The male Christian clergy portrayed women in the Middle Ages having two options: subjugated housewife or confined nun. Fortunately, most medieval women avoided both fates. The vast majority of them, in fact, worked in a range of trades, though they were concentrated in the food and clothing industries. Nuns avoided the problems associated with pregnancy, and could attain some power. Aristocratic women could manage large households. Most historians have probably misunderstood the lives of children in the Middle Ages. Children had a 30-50% chance of dying before they turned five, so some historians have suggested that parents would not risk making a big emotional investment in young children; some children were even killed deliberately. Children worked as soon as they were able, and are depicted in medieval art as "little adults," so some historians have wondered whether people in the Middle Ages had an understanding of childhood as a distinct phase of life, with its own needs. But medieval medical and clerical authorities did, in fact, write about childhood as a special stage in life, and there is also evidence that parents and society at large cherished their babies and children. One of the first women to step up to men was Joan of Arc. She convinced the kind to give her command of his army in order to reverse French fortunes. Although she led the French to great victory, the men executed her as a heretic on May 30, 1431.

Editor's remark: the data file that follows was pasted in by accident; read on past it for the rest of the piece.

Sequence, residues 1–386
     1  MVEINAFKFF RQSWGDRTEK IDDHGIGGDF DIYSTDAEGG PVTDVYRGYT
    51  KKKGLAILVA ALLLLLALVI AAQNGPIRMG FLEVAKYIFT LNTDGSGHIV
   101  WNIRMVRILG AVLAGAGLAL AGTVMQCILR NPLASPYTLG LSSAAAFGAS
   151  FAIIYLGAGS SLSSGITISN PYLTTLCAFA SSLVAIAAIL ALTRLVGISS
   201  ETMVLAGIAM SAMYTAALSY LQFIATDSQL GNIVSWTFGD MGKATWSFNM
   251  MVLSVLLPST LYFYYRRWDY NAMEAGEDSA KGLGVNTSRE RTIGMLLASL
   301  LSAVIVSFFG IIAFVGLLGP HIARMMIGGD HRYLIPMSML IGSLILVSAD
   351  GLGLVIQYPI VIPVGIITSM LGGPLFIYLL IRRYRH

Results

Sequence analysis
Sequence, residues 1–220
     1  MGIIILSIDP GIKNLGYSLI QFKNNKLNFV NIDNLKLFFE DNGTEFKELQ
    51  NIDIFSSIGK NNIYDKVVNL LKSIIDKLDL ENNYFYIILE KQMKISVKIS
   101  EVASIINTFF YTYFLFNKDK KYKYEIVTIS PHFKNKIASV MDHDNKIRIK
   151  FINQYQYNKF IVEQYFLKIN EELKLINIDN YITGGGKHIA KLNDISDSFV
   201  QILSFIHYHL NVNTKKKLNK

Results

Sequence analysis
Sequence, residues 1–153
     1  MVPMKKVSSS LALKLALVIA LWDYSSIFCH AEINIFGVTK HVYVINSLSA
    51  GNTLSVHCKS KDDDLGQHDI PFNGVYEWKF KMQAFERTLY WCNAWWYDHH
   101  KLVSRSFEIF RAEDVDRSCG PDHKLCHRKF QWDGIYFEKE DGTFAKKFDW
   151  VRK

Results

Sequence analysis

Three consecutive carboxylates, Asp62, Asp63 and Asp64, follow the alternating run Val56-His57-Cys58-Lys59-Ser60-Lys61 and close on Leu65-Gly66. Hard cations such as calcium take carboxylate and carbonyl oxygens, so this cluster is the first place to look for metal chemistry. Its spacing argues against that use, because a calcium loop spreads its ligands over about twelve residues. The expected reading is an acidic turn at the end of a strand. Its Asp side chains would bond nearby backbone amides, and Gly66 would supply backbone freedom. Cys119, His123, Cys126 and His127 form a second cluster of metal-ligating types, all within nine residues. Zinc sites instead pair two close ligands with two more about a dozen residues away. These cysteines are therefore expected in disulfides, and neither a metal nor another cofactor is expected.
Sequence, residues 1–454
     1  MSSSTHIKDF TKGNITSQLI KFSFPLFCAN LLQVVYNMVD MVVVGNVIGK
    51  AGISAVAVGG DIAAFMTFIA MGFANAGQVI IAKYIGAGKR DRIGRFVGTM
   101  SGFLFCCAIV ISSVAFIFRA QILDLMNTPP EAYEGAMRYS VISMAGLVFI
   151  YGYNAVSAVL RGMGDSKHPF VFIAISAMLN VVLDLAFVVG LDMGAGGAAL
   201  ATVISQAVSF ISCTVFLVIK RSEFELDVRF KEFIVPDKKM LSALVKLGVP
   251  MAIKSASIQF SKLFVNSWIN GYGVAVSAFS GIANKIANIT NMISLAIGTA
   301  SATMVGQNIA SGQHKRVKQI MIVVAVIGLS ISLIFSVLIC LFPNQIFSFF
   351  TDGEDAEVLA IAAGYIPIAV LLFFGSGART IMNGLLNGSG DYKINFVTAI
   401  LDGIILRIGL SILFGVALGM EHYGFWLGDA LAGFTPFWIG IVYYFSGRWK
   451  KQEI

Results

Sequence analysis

Marriage occurred at a later age (mid- to late-twenties for men, early to mid-twenties for women) in the 16th-18th centuries than it had previously in Europe and England. One reason for this shift was that, in a time of population growth, it took couples longer to accumulate the capital needed to raise a family. Parents were